Taco Bell trying ‘First Meal’ breakfast and fresh ‘Cantina’ menus
Taco Bell is hoping that this is the year for better things, with a new “First Meal” breakfast menu, meals that challenge Chipotle Mexican Grill’s healthier offerings and other updates to erase its 2011 sales slump.
The Irvine-based fast-food chain, which serves mostly Mexican-style meals, will roll out an 11-item roundup of “classic American” breakfast options next week in 750 restaurants in 10 states, including California.
The “First Meal” will include Cinnabon Delights, breakfast burritos, Johnsonville sausage and egg wraps, Tropicana orange juice, Seattle’s Best Coffee and more.
The breakfast launch is part of Taco Bell’s recovery regimen after its sales tanked after a quickly dismissed lawsuit questioning the quality of its seasoned ground beef. In the third quarter, Taco Bell’s parent Yum Brands Inc. said the chain’s same-store sales fell 2% after sliding 5% in the second quarter.
“This is not an acceptable result for us,” said David C. Novak, Yum’s chief executive, in a conference call with analysts. “The team is working incredibly hard to get Taco Bell back on a growth track.”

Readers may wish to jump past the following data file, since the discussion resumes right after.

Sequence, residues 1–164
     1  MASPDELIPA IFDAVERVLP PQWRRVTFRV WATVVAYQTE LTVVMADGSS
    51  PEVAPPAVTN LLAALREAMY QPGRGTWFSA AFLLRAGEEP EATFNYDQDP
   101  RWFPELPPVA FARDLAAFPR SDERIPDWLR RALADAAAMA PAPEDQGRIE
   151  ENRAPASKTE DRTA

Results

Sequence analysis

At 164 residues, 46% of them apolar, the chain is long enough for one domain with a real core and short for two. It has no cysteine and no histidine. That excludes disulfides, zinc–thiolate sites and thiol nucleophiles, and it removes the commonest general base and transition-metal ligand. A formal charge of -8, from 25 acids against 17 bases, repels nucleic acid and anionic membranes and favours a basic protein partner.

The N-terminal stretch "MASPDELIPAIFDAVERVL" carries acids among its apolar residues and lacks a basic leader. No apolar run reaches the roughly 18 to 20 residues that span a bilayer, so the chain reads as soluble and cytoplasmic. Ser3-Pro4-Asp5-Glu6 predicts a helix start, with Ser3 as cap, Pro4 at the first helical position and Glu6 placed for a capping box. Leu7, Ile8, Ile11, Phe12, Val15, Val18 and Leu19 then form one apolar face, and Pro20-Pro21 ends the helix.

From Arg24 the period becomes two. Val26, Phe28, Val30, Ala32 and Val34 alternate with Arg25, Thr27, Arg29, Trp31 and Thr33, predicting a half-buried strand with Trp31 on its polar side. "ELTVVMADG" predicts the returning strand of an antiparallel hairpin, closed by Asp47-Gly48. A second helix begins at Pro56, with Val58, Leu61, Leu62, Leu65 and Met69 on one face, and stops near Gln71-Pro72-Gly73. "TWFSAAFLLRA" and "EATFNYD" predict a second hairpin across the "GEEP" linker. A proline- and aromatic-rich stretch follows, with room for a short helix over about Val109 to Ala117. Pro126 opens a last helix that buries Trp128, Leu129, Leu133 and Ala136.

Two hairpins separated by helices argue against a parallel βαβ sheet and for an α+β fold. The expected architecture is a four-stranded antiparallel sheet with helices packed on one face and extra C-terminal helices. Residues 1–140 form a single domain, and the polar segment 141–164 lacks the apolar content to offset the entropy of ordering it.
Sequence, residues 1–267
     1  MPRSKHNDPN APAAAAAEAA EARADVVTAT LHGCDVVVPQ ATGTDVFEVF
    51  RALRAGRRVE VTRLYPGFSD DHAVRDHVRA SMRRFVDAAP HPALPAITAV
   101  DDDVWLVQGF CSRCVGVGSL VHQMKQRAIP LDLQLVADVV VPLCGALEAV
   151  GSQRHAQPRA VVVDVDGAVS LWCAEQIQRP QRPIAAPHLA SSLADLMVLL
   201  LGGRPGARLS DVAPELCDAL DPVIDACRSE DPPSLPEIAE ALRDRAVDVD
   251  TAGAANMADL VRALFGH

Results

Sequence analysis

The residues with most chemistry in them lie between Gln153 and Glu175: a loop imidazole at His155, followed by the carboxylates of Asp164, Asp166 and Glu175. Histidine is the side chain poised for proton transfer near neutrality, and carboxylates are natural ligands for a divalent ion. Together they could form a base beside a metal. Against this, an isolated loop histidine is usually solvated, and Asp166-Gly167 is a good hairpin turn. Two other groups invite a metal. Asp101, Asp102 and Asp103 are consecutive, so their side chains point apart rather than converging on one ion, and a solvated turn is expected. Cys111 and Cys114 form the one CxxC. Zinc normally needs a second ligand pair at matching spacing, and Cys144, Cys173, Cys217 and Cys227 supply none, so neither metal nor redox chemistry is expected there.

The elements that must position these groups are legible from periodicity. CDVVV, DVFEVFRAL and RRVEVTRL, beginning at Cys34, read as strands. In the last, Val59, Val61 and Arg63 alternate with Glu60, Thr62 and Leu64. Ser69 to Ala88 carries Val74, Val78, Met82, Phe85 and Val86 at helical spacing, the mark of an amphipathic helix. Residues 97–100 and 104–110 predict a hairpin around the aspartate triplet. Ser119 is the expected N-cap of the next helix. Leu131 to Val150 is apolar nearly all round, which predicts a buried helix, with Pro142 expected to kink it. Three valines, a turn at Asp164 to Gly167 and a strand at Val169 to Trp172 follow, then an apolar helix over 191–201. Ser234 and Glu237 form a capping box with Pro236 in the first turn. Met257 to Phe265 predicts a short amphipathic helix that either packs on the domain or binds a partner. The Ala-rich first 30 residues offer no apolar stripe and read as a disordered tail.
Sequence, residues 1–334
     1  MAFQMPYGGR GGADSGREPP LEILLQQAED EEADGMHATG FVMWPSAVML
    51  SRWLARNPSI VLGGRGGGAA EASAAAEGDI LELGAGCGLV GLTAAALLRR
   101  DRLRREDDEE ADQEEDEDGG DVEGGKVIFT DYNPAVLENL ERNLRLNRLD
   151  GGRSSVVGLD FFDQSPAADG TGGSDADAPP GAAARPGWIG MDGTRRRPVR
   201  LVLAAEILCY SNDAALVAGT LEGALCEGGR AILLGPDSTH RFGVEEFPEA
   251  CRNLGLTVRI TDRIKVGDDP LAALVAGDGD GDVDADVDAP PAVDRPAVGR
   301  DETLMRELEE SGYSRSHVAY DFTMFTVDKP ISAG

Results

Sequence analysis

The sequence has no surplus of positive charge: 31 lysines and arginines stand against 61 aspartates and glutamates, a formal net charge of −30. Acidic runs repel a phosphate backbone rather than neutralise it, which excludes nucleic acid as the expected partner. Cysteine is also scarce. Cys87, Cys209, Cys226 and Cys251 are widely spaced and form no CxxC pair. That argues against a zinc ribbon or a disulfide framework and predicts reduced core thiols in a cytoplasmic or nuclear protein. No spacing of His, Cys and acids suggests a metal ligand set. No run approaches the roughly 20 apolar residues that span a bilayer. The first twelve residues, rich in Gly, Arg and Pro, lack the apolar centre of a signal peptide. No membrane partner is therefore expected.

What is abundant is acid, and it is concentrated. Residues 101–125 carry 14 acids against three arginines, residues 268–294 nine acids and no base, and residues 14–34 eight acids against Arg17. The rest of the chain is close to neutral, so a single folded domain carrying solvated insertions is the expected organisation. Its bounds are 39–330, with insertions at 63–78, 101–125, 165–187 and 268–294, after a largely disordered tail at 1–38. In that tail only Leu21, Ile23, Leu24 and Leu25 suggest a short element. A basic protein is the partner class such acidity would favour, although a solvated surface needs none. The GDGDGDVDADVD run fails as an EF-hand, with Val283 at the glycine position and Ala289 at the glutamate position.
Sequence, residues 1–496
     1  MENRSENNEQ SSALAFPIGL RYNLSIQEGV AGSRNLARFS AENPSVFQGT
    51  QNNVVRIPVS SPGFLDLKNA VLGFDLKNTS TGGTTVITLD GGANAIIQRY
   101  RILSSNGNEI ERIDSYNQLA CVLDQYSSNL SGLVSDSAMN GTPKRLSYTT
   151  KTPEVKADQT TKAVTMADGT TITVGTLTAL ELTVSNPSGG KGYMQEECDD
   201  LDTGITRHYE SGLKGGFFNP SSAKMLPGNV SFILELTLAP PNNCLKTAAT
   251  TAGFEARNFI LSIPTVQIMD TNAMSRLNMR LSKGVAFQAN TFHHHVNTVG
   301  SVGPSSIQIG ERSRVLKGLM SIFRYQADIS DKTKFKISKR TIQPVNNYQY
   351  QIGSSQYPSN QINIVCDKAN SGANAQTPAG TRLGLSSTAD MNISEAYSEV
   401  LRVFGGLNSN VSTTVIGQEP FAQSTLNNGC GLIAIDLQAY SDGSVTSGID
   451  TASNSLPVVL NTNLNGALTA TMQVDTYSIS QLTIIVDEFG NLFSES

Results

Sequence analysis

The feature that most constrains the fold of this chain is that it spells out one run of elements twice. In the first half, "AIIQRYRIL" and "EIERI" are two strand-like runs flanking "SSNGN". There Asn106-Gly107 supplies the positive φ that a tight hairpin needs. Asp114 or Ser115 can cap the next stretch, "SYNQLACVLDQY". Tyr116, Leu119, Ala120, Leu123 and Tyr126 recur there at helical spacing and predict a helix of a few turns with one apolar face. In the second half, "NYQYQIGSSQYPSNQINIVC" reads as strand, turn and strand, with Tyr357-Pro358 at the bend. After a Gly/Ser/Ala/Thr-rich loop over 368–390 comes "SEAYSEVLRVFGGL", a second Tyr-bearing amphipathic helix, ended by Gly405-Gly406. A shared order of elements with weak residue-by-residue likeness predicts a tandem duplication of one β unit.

The chain also trying to catch up to competitors such as Wendy’s that have already taken advantage of growing demand for the first meal of the day. Consumers are increasingly swinging by restaurants to pick up breakfast and often don’t care about high prices, according to research group Technomic. At quick-service eateries, morning menus account for 92% of overall traffic growth in the last five years.
But Taco Bell is also branching out in other directions.
There’s the Doritos Locos Tacos – with a shell made from the popular chips – that Taco Bell plans to launch nationally in a bid to “reinvent the taco.”
The chain is also testing a “Cantina Bell” menu at select restaurants, including in Bakersfield, that could position it as a stronger competitor to fast casual Mexican chains. The offerings, designed in part by celebrity chef Lorena Garcia, will feature grilled corn salsa, black beans, marinated chicken and other new ingredients.
But Brian Niccol, Taco Bell’s chief marketing and innovation officer, told Nation’s Restaurant News that his company “has no interest in being Chipotle.”
“There are some forums and flavors that have been introduced that we have every right to participate in, like burrito bowls,” he said. “We can do that and be a better value.”
The view from Sacramento
Sign up for the California Politics newsletter to get exclusive analysis from our reporters.
You may occasionally receive promotional content from the Los Angeles Times.